Why Motivating People Doesn't Work...and What Does by Susan Fowler

Fowler, who works with clients including Microsoft, NASA, H&R Block and Mattel, offers a practical guide to motivation, including in-depth research into the psychology of what motivates people – and what doesn’t.

The Checklist Manifesto by Atul Gawande

Twitter and Square co-founder Jack Dorsey gifts this book to every new Square employee, as advice on how to progress through projects and towards goals with the use of checklists. 

Cultural literacy and Q are increasingly important soft skills in a global workplace

2. Get culturally literate

Technology’s impact on business has increasingly led to more complex – and robust - professional networks that put more emphasis on communication skills, whether for the purposes of collaborating or competing in a global market. However, to truly master communication skills like listening and negotiating, MBAs should tak

e into account cultural context. Given that people in the business world today are converging from all corners of the planet, cultural literacy is increasingly important for ensuring one can conduct business well with the diverse range of people they will come into contact with.

Fortunately, MBA classrooms around the world are highly international with many business schools, such as the International University of Japan (IUJ), boasting more than 40 nationalities in a single MBA cohort. Students receive plenty of exposure to different perspectives in this environment, with benefits that many will attest to.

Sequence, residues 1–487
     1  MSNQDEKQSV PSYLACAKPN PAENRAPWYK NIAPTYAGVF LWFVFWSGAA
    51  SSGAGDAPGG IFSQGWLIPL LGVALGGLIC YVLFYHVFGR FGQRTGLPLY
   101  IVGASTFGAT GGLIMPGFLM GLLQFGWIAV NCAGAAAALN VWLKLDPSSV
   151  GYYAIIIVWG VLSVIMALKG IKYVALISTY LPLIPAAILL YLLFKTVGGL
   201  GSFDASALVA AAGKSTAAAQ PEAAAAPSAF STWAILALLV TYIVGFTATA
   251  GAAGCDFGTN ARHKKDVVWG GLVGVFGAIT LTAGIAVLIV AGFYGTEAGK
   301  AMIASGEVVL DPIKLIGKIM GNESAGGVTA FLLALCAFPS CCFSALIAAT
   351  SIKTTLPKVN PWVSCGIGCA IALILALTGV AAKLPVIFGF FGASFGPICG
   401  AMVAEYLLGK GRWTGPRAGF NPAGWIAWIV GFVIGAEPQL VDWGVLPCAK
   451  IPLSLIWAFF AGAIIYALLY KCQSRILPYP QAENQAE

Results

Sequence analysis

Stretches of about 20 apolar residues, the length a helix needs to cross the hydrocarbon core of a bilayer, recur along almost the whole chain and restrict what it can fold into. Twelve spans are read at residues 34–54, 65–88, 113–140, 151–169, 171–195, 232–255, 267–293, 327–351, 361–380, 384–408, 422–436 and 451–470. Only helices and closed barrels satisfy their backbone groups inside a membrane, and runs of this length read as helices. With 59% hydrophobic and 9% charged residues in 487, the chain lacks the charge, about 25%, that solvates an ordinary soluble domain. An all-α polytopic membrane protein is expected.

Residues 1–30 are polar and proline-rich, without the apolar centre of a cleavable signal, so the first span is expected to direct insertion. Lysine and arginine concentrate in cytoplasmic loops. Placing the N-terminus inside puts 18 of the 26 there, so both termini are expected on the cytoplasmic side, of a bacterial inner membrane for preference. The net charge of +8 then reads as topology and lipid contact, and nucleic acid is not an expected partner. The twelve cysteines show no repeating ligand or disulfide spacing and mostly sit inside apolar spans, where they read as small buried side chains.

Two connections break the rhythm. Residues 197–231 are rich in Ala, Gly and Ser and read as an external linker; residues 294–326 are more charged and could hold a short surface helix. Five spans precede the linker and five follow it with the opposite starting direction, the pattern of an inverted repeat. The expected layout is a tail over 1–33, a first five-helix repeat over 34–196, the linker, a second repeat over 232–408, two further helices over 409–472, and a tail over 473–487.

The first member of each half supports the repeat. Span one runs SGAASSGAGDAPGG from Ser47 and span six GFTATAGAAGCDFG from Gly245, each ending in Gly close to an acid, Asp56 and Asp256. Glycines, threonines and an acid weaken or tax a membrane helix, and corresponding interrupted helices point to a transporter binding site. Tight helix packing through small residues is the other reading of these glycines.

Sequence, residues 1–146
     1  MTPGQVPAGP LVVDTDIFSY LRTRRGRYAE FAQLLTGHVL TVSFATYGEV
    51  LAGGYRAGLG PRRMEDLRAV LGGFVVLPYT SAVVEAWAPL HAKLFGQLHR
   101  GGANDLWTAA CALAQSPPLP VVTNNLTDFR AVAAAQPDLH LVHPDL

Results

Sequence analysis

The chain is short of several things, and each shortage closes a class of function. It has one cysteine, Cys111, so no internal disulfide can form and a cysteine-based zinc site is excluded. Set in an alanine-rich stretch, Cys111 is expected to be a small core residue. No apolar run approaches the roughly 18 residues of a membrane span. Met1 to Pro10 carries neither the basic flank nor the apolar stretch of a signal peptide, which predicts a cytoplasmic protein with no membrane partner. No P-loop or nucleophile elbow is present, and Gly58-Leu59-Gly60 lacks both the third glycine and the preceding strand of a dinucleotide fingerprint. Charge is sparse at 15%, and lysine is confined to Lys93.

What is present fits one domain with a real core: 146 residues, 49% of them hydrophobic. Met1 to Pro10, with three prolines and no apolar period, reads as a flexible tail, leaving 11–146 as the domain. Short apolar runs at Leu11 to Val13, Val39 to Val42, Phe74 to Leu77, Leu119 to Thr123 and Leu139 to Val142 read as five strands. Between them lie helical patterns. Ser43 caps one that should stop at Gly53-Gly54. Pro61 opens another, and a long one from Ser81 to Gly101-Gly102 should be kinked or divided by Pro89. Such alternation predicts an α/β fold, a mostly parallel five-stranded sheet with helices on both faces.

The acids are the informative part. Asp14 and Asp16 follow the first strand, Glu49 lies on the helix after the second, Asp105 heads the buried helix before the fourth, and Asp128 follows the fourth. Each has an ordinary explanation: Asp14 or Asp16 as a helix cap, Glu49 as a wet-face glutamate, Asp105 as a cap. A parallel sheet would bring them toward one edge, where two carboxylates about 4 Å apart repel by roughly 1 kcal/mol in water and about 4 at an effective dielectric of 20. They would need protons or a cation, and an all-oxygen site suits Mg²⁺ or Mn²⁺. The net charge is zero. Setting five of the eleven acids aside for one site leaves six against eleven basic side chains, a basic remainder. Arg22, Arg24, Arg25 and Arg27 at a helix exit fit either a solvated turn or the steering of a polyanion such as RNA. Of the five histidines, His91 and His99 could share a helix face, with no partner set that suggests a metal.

Whether it be for the negotiation and sale of products or ideas, knowledge of how culture influences business dealings is essential. Culture affects people’s value judgment, decision-making styles, understandings about manager-employee relations and expectations in corporate relations. As such, MBAs would be wise to acquaint themselves with international business etiquette outside their own status quo.

Of course in some instances, one’s ability to detach from cultural biases may also be valuable. Strong awareness of how culture plays a role in business matters can allow for better decision making. One research study, by the Sauder School of Business, found that in some cases (such as in finance for a set of multinationals operating in China who were observed), cultural bias often trumps business logic when managers make decisions, which can lead to downfall.

Further reading:

Culture's Consequences: Comparing Values, Behaviors, Institutions and Organizations Across Nations by Geert Hofstede

Social psychologist, former IBM employee, and professor emeritus at Maastricht University in the Netherlands, Geert Hofstede examines more than fifty countries through his five ‘dimensions of culture’. This is one of the most comprehensive studies on how values in the workplace are influenced by culture.  

“International Business Etiquette, Manners, & Culture”

An online resource developed by the International Business Centre, with the help of UT Dallas Global MBA graduates, and in which Hofstede has supplied analyses by country.

Self-awareness has been shown to be essential for smart leadership

3. Develop self-awareness

It can be said that we’re moving beyond the linearity of the conveyor belt or job ladder by increasingly exploring depththe purpose and meaning in our work, how we feel and how we consequently behave.